Redemption of Our Bodies
True Christianity "sets its affection on things
which are above, not on things which are on the earth."
True Christianity is filled with hope. The second coming is our
blessed hope (Titus 2:13), and the hope of glory (Col. 1:27). It is a
sure and certain hope because of its specific content concerns the return of
God promises the Christian believer the resurrection of the body, the
adoption of Gods children, and gathering of Gods harvest at the end of time.
The Christians hope is confidence and security grounded on the sure Word of God, the
Bible. Since God says this is coming about we can rest secure and confidently on His Word.
We wait eagerly for our adoption as sons, the redemption of our
bodies. For in this hope we were saved. But hope that is seen is no hope at all. Who hopes
for what he already has? But if we hope for what we do not yet have, we wait for it
patiently (Romans 8:23-25).
With eager expectation the apostle Paul awaits the redemption
of our body (v. 23). Paul has in mind the resurrection of our bodies, when the work
of Godbegun by the atoning death of Jesus Christ, and continued by the work of the
Holy Spirit in joining us to Christ and sanctifying uswill be completed.
He has in mind the great day of consummation when Christ returns. It
will be the complete deliverance of the believer. The Creator who holds life and death in
His hands will dispel all darkness from the tomb and we will be free at last.
Robert Haldane wrote, His light alone can dispel the darkness
of the tomb. It is only His hand that can break its seal and its silence.
It is because Christ has risen form the dead that we have this
blessed hope of the exceeding greatness of the power of God to us who believe, according
to the working of His mighty power, which He wrought in Christ Jesus when He raised Him
from the dead (Eph. 1:19, 20).
Redemption of the body speaks of the bodily
resurrection of the believer. The apostle Paul speaks of our being clothed with the immortal and incorruptible
body (Rom. 8:11; 1 Cor. 15:43-55; 2 Cor. 5:2, 3; 1 Thess. 4:13-18; Phil. 3:21).
It will be a body prepared and equipped for dwelling in heaven. This
body of humiliation will be conformed to the likeness of the body of
Christ in glory (Phil. 3:20-21). The child of God anxiously awaits that
blessed hope and glorious appear of our Savior (1 John 3:1-3).
Salvation includes our bodies. We will have complete redemption of
the body and soul. These weak and sinful bodies we now possess will one day be transformed
into bodies that are sinless, strong, beautiful and glorious. They will be like the
resurrected body of our glorious Lord and Savior Jesus Christ.
The English word hope in its modern usage does not
communicate the deep assurance Paul stresses in the original. It is not a vague weak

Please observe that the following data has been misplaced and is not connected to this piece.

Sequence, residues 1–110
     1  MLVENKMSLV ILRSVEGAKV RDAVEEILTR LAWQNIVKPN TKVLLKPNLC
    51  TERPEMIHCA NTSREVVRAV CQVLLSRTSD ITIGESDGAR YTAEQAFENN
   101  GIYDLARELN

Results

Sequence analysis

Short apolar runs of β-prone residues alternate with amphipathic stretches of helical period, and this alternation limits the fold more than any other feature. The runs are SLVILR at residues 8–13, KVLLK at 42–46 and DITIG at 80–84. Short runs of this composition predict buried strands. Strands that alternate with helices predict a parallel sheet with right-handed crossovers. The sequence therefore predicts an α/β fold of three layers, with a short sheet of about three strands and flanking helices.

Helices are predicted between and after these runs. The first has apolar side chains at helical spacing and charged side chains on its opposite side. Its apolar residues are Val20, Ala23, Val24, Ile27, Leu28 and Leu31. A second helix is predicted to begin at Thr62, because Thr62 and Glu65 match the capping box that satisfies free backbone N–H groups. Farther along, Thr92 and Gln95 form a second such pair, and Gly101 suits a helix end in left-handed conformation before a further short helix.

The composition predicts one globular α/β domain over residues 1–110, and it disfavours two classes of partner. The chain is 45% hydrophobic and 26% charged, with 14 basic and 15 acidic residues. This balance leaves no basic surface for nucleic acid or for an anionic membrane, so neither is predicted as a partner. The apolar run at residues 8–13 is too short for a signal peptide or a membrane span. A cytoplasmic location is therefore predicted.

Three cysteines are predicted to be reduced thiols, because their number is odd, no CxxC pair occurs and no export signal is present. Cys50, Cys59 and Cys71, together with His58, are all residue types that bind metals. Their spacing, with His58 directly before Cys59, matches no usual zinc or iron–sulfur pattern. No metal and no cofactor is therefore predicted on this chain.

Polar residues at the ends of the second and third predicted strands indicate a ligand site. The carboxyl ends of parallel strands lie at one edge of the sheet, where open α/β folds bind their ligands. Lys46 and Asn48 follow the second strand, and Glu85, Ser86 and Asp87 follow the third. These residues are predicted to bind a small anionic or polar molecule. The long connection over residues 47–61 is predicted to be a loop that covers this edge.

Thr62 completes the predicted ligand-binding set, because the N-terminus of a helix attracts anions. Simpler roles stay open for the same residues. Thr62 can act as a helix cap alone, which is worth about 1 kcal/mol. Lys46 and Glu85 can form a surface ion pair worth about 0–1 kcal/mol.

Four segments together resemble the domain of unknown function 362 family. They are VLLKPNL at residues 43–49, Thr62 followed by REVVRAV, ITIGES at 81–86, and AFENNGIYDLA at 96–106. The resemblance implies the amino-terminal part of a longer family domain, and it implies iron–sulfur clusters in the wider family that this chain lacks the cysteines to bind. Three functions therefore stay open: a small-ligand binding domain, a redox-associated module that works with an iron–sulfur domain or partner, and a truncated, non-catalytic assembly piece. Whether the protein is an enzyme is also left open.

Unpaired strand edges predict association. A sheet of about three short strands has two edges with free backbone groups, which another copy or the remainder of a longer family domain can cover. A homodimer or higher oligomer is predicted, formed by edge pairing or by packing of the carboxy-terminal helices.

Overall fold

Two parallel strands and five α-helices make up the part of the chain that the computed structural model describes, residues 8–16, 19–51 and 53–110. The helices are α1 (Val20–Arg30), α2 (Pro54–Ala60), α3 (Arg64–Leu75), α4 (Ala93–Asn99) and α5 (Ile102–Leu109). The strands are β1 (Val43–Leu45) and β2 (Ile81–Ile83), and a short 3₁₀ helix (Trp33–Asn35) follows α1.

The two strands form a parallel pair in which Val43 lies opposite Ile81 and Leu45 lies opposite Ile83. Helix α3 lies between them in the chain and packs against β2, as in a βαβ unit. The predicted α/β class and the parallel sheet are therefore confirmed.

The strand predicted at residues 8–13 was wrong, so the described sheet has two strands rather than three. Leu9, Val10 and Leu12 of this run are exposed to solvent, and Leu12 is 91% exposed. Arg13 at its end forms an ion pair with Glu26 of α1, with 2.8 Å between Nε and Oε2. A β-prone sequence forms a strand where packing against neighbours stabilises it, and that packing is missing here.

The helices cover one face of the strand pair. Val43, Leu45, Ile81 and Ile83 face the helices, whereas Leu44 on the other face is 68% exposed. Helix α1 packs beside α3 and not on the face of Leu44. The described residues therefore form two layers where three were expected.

desire, but firm assurance in the power and eternal purposes of God. In the context (v.
18) Paul has already stated that he considers, reckons in a
calculated, mental weighing of the evidence and has come to the reasoned conclusion. The
word hope expresses strong assurance and not doubt that nothing in this life
can be compared with the glory that is to be revealed to us when Christ
returns. The glory will be revealed in us. In the coming age all that is
involved in our being sons of God will become apparent and that this will be a
revelation in us as well as to us.
It is an eager, anxious, waiting, stretching out our necks searching
for that glorious day. Even the inanimate creation, not men, angels or demons (v. 22),
waits eagerly for the revealing of the sons of God (v. 19).
How tragic that the fall of Adam affected also the entire nonhuman
creation. When God created the world He saw that it saw good, very good.
The entire creation sighs and throbs with pain, but it is
not undergoing death pangs, but birth pangs. That is why the whole
creation groans and suffers the pain of childbirth together until now (v. 22). There
is hope, expectancy. God is going to produce something completely new, and all of creation
awaits that glorious event (Isa. 11:6-9; Rev. 21-22).
We will rise from the dead. Our salvation is a foretaste of the
greater things He wil do later. What we have now in Christ is real, but it is not the
whole thing yet (1 John 3:2; 1 Cor. 15:44, 51; Phil. 3:21).
With hushed expectancy the whole creation awaits eagerly for the day
of our complete redemption in glory. We look forward to the full restoration of all that
God has done for us in Christ Jesus. The full extent of our salvation is yet to appear in
glory. Even so, come Lord Jesus.
Message by Wil Pounds (c) 2006
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